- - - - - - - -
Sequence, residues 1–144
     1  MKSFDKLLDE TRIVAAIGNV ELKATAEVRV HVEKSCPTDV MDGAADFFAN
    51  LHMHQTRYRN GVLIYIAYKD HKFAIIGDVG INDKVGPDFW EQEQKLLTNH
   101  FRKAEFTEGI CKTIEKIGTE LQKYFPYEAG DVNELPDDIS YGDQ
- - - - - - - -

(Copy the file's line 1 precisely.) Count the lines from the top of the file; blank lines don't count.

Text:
Sequence, residues 1–144